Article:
The stories that they chose to document and recall is necessarily influenced by these internal factors. In the process of choosing to tell certain stories, a journalist is also not telling other stories. A journalist therefore gives more importance to stories that he or she deems important - for whatever reason. What is deemed important is influenced by these “internal” factors mentioned above. I know that all the stories I have told as a journalist have been shaped by my own belief systems and my political causes. I know other journalists have a similar process - we cannot help but to work in this way.
The journalist is therefore never completely separated from the story. They are a part of the story - an equal part creator of the story, as much as the subjects.
Who the journalist chooses to interview, what questions are asked, how that conversation is edited and presented, are all shaped by the presence of that particular journalist.
This becomes even more complex when we address the power relation between the journalist and the interviewee. How does the ethnic and economic background of the journalist shape the interaction, the conversation, hence the story?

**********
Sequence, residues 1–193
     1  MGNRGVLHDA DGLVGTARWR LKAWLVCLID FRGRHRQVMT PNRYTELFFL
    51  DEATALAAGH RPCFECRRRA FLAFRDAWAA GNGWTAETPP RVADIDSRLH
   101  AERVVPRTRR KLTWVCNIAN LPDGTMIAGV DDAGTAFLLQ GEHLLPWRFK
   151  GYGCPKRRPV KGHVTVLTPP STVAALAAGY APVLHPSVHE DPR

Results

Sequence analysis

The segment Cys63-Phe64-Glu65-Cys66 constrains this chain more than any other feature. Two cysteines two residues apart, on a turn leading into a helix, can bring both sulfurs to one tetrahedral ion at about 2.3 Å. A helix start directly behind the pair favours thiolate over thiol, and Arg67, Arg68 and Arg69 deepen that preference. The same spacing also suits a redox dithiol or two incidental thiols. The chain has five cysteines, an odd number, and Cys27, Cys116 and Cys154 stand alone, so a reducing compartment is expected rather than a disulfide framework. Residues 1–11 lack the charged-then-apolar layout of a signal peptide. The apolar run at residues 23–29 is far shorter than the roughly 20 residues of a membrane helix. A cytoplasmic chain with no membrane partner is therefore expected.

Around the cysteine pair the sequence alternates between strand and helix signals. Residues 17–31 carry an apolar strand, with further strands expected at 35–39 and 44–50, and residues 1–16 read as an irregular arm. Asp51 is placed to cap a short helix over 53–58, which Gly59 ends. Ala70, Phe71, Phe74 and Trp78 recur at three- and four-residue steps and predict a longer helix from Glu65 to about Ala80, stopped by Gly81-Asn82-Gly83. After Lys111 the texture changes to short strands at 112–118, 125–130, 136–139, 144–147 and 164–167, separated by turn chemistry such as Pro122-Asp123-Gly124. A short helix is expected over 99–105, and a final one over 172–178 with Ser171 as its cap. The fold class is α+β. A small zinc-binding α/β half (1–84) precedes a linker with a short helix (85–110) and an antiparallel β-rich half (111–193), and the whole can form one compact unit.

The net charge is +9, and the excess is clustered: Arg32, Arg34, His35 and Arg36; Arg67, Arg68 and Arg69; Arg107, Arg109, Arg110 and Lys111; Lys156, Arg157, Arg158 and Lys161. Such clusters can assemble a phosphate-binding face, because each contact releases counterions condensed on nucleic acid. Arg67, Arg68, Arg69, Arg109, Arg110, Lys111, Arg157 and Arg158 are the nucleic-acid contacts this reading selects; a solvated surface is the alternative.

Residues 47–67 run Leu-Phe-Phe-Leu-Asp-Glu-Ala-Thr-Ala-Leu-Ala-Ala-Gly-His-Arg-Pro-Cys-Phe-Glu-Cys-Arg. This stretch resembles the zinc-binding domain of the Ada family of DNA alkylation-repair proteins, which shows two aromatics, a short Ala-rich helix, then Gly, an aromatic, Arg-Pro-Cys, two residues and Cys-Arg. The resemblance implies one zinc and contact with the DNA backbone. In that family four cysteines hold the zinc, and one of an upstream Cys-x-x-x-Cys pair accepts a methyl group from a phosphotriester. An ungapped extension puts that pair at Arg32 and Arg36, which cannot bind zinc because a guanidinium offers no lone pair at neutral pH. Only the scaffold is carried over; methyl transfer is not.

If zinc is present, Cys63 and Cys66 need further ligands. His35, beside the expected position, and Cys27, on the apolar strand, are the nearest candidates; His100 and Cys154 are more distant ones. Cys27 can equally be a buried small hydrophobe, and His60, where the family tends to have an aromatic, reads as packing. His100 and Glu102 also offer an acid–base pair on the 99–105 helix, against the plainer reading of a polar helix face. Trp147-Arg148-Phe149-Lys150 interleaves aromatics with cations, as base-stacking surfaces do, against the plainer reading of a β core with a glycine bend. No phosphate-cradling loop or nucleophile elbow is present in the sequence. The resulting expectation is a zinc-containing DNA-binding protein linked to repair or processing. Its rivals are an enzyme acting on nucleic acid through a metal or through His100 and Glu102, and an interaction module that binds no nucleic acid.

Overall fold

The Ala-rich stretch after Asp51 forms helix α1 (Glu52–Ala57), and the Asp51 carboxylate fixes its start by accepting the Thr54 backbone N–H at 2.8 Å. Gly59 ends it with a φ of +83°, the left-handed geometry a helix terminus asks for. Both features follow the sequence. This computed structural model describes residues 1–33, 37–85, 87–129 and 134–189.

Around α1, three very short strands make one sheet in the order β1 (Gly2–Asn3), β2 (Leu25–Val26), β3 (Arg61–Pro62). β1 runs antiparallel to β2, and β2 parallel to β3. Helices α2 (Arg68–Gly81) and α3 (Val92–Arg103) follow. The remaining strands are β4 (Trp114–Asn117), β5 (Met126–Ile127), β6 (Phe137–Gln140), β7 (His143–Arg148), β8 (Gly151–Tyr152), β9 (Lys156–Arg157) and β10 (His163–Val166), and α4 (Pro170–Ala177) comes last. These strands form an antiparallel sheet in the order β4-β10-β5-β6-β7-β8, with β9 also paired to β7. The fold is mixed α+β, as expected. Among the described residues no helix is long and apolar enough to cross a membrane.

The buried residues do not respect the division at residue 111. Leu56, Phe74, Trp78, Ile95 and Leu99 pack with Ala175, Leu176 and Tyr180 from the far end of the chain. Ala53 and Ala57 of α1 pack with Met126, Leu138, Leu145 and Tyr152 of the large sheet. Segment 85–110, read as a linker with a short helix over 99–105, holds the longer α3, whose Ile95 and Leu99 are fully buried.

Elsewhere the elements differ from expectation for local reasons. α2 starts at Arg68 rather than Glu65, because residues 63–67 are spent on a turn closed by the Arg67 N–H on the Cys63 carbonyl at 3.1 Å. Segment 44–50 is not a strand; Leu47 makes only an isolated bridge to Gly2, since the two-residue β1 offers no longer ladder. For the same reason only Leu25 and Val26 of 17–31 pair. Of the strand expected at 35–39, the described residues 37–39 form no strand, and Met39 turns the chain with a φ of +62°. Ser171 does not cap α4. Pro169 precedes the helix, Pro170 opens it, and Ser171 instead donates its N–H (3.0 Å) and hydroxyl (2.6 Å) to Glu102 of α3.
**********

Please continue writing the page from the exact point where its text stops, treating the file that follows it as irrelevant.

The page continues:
I have previously written about how my being a Sunni-Muslim (part of the majority population) in Pakistan shaped how a Hindu Pakistani viewed me and responded to my questions when I interviewed him.
Similarly, what happens when a white, European reporter approaches a post-colonial society in order to interview marginalised members of that community? There is an inescapable power dynamic present which will influence not only the way an interviewee will view the journalist but also how they will choose to respond to the questions.
Then there are the external factors. What are the organisational agendas encouraging a journalist to pursue a certain story? What kinds of stories from a particular area are more “saleable” or “palatable” to the audiences of specific news organisations?